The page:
Should You Invest Your Money With Wealthsimple?

Are you fed up with being confused about how to invest your money?

It can be very intimidating to figure out how to invest your money. You get “hot stock picks” from that drunk uncle, strangers in the gym are telling you about some new business opportunity, and then you hear tales of those who made it big by day trading. You don’t even know where to start.

The good news is that there are investment tools out there that manage your money for you. Have you heard of Wealthsimple? I tested them out for you to see if it’s worth switching over. Keep on reading…

Wealthsimple Review

I still remember going to the bank with my parents when I was a kid in the 90s and being stuck there for hours as they met with their financial advisor. Investing has come a long way since the 90s. Today it’s easier than ever to manage your own money or to put your investments on auto-pilot. You don’t even have to get out of bed. I do my best banking in my boxers.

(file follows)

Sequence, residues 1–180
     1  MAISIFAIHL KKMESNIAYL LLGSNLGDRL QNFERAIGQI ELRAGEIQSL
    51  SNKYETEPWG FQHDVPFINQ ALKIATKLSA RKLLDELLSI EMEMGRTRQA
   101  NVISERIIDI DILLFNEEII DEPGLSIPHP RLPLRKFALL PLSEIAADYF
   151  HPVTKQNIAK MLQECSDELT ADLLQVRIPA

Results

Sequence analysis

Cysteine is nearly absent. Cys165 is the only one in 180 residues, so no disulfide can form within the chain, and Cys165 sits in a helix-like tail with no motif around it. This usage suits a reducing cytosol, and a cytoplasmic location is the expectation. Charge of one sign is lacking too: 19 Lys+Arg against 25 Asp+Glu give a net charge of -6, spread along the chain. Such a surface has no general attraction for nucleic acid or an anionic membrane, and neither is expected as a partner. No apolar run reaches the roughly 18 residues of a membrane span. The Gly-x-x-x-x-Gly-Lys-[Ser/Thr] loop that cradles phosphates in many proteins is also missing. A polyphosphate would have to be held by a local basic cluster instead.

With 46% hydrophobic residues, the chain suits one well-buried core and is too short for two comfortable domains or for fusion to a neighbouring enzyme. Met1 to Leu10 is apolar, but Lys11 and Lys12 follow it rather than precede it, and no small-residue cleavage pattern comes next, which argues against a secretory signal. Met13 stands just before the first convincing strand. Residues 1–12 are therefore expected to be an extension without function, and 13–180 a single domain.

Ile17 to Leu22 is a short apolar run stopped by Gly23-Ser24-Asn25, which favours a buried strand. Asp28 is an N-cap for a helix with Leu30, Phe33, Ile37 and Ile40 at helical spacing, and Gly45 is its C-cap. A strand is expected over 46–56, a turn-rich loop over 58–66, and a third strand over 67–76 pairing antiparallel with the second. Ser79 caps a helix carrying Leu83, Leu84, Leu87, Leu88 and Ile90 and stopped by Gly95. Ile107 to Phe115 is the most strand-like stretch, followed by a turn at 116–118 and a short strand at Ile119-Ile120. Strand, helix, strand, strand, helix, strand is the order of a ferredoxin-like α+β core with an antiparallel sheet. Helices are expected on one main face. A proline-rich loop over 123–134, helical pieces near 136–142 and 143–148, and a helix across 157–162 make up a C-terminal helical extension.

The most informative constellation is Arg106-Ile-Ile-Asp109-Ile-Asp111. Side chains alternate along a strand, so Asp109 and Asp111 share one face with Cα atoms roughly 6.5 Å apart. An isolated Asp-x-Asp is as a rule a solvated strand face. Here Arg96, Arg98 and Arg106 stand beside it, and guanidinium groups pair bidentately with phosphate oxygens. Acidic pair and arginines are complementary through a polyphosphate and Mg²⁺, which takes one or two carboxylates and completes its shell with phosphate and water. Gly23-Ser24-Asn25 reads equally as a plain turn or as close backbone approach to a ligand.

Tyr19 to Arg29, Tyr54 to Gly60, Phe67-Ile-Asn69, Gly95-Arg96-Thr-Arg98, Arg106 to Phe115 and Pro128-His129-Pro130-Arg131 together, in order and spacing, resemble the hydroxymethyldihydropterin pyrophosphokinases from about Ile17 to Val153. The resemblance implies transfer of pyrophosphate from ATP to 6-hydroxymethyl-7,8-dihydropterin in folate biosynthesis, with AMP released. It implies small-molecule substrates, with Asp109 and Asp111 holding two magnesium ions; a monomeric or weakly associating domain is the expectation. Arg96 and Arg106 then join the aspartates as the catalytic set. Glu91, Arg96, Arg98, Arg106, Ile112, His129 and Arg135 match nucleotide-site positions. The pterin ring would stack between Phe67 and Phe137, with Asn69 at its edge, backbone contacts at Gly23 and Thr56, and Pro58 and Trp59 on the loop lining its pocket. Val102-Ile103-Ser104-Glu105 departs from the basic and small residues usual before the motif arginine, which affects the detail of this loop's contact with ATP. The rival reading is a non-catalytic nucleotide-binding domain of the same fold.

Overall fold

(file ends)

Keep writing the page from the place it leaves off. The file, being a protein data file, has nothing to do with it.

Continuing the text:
Enter Wealthsimple.

You may have seen headlines or advertising lately about Wealthsimple. You may have heard of friends or co-workers investing their money with Wealthsimple.

Here’s a headline that caught the eye of many friends and readers.

Sign up for Wealthsimple

It looks like Wealthsimple is making a serious attempt at becoming your bank (from daily banking to investing your money). As young professionals get fed up with banking fees, it’s refreshing to see a new player emerge in this space.

What’s the deal with Wealthsimple? What are the pros and cons?

Let’s look at this tool to see if it’s even worth it before you start switching bank accounts.

What makes Wealthsimple worth switching over to?

It’s investing-made-easy.

Money stresses most people out. The last thing we want to do is to study stocks and look at charts all day. Most of us just want to set it and forget it. You’re able to do that with Wealtsimple (we look at the sign up process later in this article).

On that note…

Wealthsimple does the work for you when it comes to investing.

“Personal finance is boring.”